A great deal of U.S. nuclear spending consists of profitable contracts with private corporations.

The four companies Ellsberg said were raking in cash “preparing for war” indeed received the most money in 2020:

  • Northrop Grumman — $13.7 billion
  • General Dynamics — $10.8 billion
  • Lockheed Martin — $2.1 billion
  • Boeing — $105 million

These enormous contracts create obvious incentives for these companies to lobby for more government expenditures on Armageddon, and they assiduously do so. Indeed, lobbying unquestionably is the most profitable investment these companies make. According to ICAN’s report, for every $1 they spent on lobbying, they received $239 in nuclear weapon contracts.

The specifics are notable here. Northrop reported $13.3 million in lobbying expenses in 2020. Last year it was formally awarded the enormous initial contract to develop a new intercontinental ballistic missile system called the “Ground Based Strategic Deterrent.” It will inevitably receive the contract for the entire program, estimated to be worth $85 billion over its life. In discussion on the GBSD, the Air Force’s assistant secretary for acquisition stated that he didn’t see the pandemic affecting nuclear spending.

There is also much more to lobbying than that which goes by the name. In the 2006 documentary “Why We Fight,” journalist Gwynne Dyer explained that President Dwight Eisenhower considered the military-industrial complex actually to have three components: the military, defense corporations, and Congress. But now, Dyer said, there’s a fourth: think tanks, which generally push their funders’ policies under a thin veneer of scholarship.

According to the report, companies profiting from nuclear weapons contributed $5-10 million to think tanks in 2020. Northrop alone spent at least $2 million funding nine of them, including the Atlantic Council, the Brookings Institution, the Center for a New American Security, and the Center for Strategic and International Studies.

However, ICAN did not produce the report for passive consumption or as an inducement to despair. Instead, it is part of a sophisticated strategy to eventually make nuclear weapons as taboo worldwide as chemical and biological weapons are now.

ICAN was a key force behind the Treaty on the Prohibition of Nuclear Weapons, which was adopted in 2017 at the United Nations. It makes illegal any activities related to nuclear weapons and has been signed by 86 countries and ratified by 54. It entered into force this past January.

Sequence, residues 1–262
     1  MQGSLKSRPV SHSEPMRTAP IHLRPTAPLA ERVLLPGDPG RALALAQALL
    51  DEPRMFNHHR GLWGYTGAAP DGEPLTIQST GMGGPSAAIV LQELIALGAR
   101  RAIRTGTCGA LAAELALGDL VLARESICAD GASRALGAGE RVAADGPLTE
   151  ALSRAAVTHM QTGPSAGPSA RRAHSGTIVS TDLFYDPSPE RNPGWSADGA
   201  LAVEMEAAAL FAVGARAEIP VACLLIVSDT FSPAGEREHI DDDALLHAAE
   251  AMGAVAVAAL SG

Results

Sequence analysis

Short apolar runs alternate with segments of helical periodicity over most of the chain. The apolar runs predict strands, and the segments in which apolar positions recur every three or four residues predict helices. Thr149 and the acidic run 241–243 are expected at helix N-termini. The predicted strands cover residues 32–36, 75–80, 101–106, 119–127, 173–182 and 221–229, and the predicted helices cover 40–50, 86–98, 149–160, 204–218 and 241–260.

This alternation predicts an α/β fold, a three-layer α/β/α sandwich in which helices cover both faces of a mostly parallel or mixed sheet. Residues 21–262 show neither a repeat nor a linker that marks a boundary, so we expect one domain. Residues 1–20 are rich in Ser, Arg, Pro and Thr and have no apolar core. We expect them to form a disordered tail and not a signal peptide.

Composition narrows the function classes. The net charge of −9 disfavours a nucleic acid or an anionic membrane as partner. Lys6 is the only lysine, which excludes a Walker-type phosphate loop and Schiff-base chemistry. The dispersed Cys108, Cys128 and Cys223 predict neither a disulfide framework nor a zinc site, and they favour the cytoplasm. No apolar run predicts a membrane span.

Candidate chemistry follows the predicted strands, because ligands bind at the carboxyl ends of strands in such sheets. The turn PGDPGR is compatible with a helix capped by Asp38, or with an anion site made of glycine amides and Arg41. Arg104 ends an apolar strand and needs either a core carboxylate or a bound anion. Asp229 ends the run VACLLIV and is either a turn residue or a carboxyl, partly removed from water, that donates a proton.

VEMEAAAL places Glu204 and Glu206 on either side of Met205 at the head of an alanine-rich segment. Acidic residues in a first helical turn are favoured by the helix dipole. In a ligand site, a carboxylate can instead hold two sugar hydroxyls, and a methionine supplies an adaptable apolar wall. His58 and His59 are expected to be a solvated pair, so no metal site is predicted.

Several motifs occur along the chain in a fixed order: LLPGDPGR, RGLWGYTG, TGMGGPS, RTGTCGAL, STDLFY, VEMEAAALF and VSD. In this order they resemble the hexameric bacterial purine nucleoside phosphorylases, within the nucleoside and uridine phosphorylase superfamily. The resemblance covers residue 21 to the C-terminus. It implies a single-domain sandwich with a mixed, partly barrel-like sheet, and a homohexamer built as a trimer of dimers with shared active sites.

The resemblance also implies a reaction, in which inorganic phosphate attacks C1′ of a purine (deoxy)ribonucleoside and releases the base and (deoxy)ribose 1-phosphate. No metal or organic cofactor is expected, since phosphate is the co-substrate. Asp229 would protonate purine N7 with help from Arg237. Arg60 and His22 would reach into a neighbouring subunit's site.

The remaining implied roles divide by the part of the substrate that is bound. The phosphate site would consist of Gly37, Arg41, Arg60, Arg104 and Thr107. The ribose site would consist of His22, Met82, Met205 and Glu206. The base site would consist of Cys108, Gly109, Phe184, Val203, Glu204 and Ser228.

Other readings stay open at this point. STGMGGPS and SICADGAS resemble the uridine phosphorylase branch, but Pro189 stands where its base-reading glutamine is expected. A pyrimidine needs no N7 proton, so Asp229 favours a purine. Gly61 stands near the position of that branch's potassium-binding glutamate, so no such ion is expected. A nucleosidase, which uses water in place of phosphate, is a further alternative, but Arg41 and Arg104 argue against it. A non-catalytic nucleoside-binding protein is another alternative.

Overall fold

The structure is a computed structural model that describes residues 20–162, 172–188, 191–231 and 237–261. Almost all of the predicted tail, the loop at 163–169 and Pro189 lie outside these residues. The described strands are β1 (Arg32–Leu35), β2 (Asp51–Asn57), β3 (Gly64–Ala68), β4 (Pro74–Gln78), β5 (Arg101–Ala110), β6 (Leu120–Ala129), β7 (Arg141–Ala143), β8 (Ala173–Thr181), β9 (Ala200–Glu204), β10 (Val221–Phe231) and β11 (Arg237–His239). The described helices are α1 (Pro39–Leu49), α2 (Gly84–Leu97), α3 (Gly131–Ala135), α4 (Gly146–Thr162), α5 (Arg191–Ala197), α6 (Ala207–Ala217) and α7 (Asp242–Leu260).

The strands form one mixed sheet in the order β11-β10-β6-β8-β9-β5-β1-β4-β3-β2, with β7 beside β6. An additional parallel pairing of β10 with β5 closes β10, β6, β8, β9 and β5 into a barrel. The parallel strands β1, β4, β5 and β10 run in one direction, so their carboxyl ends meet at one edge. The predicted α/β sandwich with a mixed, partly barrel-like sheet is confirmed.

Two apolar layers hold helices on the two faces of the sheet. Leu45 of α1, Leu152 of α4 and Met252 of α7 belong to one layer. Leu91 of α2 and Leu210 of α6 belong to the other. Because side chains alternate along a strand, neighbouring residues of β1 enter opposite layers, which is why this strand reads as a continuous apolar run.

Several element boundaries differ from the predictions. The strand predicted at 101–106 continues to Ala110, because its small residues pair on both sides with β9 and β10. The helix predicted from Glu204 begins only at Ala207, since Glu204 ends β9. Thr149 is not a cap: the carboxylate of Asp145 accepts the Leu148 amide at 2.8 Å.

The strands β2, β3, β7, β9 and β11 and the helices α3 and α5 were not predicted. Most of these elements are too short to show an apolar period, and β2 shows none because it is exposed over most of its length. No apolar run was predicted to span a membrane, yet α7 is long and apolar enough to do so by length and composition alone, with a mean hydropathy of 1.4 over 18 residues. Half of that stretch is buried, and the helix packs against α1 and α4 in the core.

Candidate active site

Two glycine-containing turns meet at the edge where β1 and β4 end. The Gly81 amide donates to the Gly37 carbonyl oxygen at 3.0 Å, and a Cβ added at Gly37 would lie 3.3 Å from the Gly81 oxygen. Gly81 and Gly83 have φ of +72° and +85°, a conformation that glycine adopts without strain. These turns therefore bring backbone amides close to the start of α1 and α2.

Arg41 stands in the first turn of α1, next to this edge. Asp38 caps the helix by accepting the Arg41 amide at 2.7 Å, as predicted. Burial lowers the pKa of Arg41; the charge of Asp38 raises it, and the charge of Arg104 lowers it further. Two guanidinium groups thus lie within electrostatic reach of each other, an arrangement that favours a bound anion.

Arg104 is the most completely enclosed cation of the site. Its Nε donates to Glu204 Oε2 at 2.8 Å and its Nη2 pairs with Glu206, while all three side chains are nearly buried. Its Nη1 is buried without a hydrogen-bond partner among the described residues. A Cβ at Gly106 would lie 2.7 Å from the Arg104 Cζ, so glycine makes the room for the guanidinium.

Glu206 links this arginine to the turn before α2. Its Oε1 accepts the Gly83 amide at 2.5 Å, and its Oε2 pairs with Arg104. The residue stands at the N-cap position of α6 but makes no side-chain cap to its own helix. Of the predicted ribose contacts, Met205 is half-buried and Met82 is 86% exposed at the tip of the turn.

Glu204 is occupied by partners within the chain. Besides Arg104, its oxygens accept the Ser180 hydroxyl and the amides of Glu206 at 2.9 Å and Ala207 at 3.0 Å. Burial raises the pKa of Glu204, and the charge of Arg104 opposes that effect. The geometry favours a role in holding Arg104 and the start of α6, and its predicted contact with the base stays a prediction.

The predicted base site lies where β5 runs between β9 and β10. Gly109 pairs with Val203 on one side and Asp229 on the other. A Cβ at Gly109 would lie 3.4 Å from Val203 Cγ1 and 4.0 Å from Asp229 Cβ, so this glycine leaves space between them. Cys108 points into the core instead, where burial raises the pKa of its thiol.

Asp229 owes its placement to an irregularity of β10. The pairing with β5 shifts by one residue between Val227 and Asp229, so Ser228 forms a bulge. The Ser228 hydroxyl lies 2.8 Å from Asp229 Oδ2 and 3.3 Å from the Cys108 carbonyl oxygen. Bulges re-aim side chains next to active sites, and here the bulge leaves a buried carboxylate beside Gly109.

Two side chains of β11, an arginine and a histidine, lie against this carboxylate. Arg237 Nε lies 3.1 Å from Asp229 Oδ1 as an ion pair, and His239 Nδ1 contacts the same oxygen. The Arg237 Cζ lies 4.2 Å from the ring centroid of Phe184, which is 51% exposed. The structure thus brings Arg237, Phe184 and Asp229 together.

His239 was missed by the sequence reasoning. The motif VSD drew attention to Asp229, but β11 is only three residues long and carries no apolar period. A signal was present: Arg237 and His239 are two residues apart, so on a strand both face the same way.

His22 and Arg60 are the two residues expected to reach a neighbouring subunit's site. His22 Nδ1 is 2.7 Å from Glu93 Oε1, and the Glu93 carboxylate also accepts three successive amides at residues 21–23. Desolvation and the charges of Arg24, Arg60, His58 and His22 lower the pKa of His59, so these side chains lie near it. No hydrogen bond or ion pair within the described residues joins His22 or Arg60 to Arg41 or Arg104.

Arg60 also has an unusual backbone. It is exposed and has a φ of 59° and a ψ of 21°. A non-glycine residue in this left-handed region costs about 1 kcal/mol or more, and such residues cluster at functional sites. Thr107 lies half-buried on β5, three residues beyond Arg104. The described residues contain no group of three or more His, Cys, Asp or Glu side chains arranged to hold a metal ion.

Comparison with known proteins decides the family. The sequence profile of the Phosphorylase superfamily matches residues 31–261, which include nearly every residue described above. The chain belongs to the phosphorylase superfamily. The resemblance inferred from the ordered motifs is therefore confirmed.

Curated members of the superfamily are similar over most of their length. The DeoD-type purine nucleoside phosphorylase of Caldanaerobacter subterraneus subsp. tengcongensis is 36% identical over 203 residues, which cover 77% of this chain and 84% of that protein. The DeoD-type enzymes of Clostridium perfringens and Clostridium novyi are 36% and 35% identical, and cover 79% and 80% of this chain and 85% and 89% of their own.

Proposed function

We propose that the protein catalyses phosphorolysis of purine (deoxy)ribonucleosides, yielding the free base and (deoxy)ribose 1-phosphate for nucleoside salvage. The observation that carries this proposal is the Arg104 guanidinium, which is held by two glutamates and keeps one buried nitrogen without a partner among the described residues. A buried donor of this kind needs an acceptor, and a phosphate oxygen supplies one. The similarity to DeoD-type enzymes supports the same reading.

None of the nuclear powers are signatories. Yet they need not be for the treaty to create a noose around those countries and their companies that should tighten over time. For instance, Airbus produces missiles for France’s nuclear weapons arsenal. But it is headquartered in the Netherlands, so if that country ratified the TPNW, it could no longer do so.

This financial threat has now attracted the attention of the stockholders of these nuclear corporations. Snyder notes that a 2020 Northrop shareholders resolution stated that the company “has at least $68.3 billion in outstanding nuclear weapons contracts, which are now illegal under international law,” and it received 22 percent support. A similar Lockheed resolution got over 30 percent support. The KBC Group, the 15th-largest bank in Europe, has announced that it will not fund any nuclear weapon-related activity because of the TPNW.

Success here will obviously require a long-term campaign and increased activism across the world. But the trajectory is headed in the right direction. “The days of spending with impunity on WMD,” believes Snyder, “are numbered.”

June 8, 2021 Posted by | business and costs, politics, USA, weapons and war | 1 Comment

USA still has ban on major foodstuffs from Fukushima region. Why did Philippines lift their ban?

Silence on Japan’s dumping nuclear wastes and historical revisionism risks world environment, Manila Times, 
Kim Chui, June 8, 2021

JAPANESE Prime Minister Yoshihide Suga’s recent announcement of Japan’s unilateral decision to dump 1.2 million tons of nuclear waste into the Pacific Ocean should be of real concern to everyone. US Secretary of State Antony Blinken tweeted that the US supported Japan’s announcement, but the US Food and Drug Administration (FDA) extended its import ban on major foodstuff from the Fukushima region that has been in effect since 2011.